Holy wound of the right foot of my Jesus, I adore Thee; I compassionate Thee, O Jesus, for the most bitter pain which Thou didst suffer. I thank Thee for that love which pierced Thee with such torture and shedding of blood, in order to punish my wanderings and the guilty pleasures I have granted to my unbridled passions. I offer the Eternal Father all the pain and love of Thy most holy humanity, and I pray Thee for grace to weep over my sins with hot tears, and to enable me to persevere in the good which I have begun, without ever swerving again from my obedience to the divine commands.

Holy Mother, pierce me through,
In my heart each wound renew
Of my Saviour crucified."

Anonymous said...

That may be where I got that image. There are so many prayers like that...God Bless the Saints for giving us the words we can't express ourselves!

Mark said...

Fantastic post!!!

You write: "I'm not a theologian...but it seems to me that Love, Prayer, and the Cross are both actions of and reflections of the Trinity."

You may be more of a theologian than you think, as that sounds to me like a pretty good summary of the theology of Hans Urs von Balthasar (one of Pope Benedict's favourite theologians, of course).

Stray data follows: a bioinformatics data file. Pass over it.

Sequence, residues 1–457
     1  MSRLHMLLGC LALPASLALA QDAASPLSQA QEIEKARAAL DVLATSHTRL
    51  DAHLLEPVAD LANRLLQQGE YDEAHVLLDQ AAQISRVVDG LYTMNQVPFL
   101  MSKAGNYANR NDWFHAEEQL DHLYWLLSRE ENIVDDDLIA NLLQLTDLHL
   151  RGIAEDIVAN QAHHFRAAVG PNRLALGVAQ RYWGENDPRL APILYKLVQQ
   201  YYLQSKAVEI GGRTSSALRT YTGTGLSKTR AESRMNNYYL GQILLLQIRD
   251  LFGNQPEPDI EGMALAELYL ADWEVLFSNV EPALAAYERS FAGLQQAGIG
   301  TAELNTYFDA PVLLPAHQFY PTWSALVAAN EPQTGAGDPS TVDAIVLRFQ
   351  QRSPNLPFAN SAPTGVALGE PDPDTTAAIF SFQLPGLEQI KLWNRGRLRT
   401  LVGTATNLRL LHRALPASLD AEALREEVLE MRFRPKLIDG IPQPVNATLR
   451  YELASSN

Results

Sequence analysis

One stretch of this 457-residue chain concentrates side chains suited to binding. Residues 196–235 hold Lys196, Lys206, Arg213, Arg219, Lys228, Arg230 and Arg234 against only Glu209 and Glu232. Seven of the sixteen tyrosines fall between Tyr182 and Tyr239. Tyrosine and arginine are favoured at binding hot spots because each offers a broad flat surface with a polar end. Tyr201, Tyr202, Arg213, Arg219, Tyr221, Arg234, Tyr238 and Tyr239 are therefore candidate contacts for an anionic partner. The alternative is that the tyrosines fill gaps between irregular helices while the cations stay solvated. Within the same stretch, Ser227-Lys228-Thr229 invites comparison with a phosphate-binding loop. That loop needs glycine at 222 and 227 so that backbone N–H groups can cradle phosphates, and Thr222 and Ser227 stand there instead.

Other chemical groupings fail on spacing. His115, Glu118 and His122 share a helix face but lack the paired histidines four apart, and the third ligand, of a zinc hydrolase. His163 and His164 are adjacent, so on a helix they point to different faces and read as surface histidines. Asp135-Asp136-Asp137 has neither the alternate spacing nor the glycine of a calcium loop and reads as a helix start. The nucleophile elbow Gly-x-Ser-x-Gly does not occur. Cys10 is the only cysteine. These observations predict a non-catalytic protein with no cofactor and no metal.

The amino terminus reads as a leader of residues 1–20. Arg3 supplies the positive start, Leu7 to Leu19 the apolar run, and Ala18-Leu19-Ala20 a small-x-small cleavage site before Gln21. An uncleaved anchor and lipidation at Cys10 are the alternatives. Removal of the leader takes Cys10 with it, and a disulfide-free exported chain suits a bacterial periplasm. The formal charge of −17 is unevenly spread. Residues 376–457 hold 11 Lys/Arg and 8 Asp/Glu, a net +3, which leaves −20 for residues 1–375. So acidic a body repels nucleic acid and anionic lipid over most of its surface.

Lillian Marie said...

Adoro -
She was so unbelievably holy...if only we could all attain that!

Absolutely! However, I feel like I move ahead 1 space and fall back 5. It's like the adage we hear from our parents - walked 3 miles to school, in the snow up to our knees, up hill (both ways)....LOL. It's a never-ending battle. Of course, I think He planned it that way. *sigh*

Great post! You WOULD have to put up ANOTHER post that I would HAVE to ponder and consider how I am doing spiritually.
Stop it! (okay, don't...but, but, but ... I know, I know - God does not want any but's from us) *sigh*

Adoro said...

Mark ~ Really? I've not read his work, but for small chunks in Magnificat or other places. He is on my list. Thanks!

LM ~ Yeah...exept if I move forward 1 step, I fall back 10.

So let me just tell you this....don't read St. Catherine of Siena. Where St. Francis de Sales is like being under a bright light, she is like being under a scalpel. Ouch!

Joe of St. Thérèse said...

Oh no Adoro, don't you know the new Theology now? Prayer, Love and the Cross are all separated, since Jesus loves you and we're all going to heaven? (I coudln't resist)

But on a much more serious note, it's beautiful post and something I attempt to comprehend on a daily basis. 1 step forward 20 steps back. It's a constant battle.

You may not be a Theologian, but I trust your orthodoxy over many :)